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Published: Dec. 20, 2022, 7:30 a.m. By Sean Teehan | steehan@syracuse.com


The Travel Agency Blog


A nonprofit focused on employment and housing for people experiencing homelessness could open one of Manhattan’s early legal marijuana dispensaries, with a 5,000-square-foot shop on 13th and Broadway.


Last month, New York’s Cannabis Control Board issued Conditional Adult-Use Retail Dispensary (CAURD) licenses to eight nonprofits, one of which was The Doe Fund. The duo slotted to run the dispensary say they’re currently meeting with growers and preparing to build out their flagship site.


“We’re looking to source as many products as we can from BIPOC and women-owned New York State brands,” said Arana Hankin-Biggers, the store’s president. “We’re also looking to incorporate a really fun experience inside the store; a more experiential retail.”


Hankin-Biggers and Paul Yau – who will serve as the store’s CEO – are both from Harbour Community, a company they founded with two other partners last year with the intention of starting a legal cannabis business in New York.


The Doe Store – which they plan to rename before opening – is a majority-owned subsidiary of the Doe Fund, Yau said. Under a partnership arrangement, Harbor Community will develop and run the Doe Store. The Doe Fund will receive 51% of the store’s profits, and Harbor Community will get the rest.


According to documents it submitted to Manhattan Community Board 2, the Doe Store will operate from the ground floor of a five-story building at the corner of Broadway and East 13th St. It will operate daily from 8 a.m. to 12 a.m.


Yau’s business background is mainly in banking, private equity and venture capital. He started working in and around the cannabis industry about five years ago while doing asset management work for Arcview Group via his consulting firm, Tribeca Black, he said. Since then, he’s consulted for multiple cannabis companies, and served 18 months as acting CFO for Massachusetts cannabis company Community Growth Partners, he said.


Hankin-Biggers has substantial experience in New York real estate and large scale public/private building development projects. She’s the founder and managing principal of real estate project management firm the Delevante Development Group, and previously worked as vice president of development for New Amsterdam Design Associates.


Hankin-Biggers and Yau plan to open a small section of the space for business next month, while construction crews renovate the rest of the store, Yau said.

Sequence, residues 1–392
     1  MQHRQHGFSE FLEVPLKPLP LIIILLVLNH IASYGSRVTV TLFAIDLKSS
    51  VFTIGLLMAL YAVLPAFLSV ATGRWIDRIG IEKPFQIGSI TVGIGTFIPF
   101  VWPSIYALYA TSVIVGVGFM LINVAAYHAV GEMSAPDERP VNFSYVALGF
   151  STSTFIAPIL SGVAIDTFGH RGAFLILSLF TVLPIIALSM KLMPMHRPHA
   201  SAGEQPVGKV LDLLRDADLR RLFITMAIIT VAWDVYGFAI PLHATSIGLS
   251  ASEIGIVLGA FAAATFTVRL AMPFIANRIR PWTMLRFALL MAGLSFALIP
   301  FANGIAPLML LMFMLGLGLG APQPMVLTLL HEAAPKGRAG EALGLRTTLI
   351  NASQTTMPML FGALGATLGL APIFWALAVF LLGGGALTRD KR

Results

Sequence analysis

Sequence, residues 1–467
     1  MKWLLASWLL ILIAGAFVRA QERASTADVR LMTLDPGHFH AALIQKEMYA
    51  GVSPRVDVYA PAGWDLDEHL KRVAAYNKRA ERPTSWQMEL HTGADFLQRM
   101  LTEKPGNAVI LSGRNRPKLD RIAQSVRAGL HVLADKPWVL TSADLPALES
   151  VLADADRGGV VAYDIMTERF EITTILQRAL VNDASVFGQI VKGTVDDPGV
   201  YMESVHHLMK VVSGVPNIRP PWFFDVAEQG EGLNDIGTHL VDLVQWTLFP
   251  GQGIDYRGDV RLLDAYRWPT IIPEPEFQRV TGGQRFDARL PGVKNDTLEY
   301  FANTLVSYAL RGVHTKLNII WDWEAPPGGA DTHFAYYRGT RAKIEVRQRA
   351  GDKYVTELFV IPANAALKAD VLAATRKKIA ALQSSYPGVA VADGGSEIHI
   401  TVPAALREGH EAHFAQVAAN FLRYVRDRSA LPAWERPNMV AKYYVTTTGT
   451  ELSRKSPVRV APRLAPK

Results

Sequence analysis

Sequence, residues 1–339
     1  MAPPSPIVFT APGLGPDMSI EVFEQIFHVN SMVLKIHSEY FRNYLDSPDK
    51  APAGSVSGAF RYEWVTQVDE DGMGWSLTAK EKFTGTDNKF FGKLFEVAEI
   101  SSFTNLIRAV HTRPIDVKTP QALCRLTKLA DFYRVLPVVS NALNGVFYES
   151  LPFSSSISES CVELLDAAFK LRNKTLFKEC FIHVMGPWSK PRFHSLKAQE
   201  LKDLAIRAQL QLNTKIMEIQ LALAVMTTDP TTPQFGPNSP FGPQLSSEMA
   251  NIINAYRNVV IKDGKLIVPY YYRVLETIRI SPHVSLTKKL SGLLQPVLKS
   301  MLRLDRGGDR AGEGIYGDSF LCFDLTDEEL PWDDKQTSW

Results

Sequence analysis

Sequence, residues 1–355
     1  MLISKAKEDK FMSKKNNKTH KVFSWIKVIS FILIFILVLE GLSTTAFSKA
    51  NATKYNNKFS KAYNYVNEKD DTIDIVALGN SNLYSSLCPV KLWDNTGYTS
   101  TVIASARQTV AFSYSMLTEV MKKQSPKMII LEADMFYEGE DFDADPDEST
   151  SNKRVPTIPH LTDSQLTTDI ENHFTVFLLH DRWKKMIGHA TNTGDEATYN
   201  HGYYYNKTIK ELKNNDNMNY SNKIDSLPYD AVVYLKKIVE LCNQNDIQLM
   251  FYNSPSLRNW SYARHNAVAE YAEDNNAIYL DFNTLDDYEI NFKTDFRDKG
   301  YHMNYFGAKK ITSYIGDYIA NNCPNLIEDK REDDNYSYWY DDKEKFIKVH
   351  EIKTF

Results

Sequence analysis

“We’re going to launch part of our store in late-January while we build out, and then we’ll do a full-store opening likely in Q2,” Yau said.


Dutchie will handle the store’s point of sale system, payment processing, and delivery interface, and will connect them to New York’s seed-to-sale tracking system, Yau said. The store will offer on-site shopping and in-store pickup at first, and will later add delivery.


Hankin-Biggers said the store could hire up to 50 employees, including graduates of Doe Fund employment training programs.


Some in and around the cannabis industry have worried that nonprofits could lose their 501(c)3 status if they open a dispensary, because cannabis is federally illegal. But Yau said he’s confident that the store will not affect the Doe Fund’s nonprofit status.


“We’ve spent a lot of time with counsel going through this issue, and where we’ve ended up with regard to the structure and operating team is reflective of that,” Yau said. “We feel comfortable that our structure works form a 501(c)3 and an OCM perspective.”


Yau declined to elaborate on the specifics on what details will protect the Doe Fund’s nonprofit designation while a subsidiary engages in activity that’s still federally illegal.


When she appeared in front of the Cannabis Licensing Committee of Manhattan Community Board 2 last week, Hankin-Biggers raised some eyebrows when she said the Doe Store would bring California brands to New York – that’s because, under the MRTA, all legal weed sold in New York must be grown in New York.


But she told NY Cannabis Insider she had been referring to working with New York growers who engage in “white labeling,” a business arrangement in which a brand attaches its label to cannabis grown by a third-party cultivator.


The Doe Store recently hired someone to connect them with cultivators and processors across the state as they search for longterm vending contracts to supply the store.


“We have a great lead that we brought in to help on the supply side to help us interact and sit down and meet with every single farmer in New York State,” Hankin-Biggers said. “We’re working closely with local farmers, and … we have a really good team of folks who are vetting all of the available product in New York State right now.”

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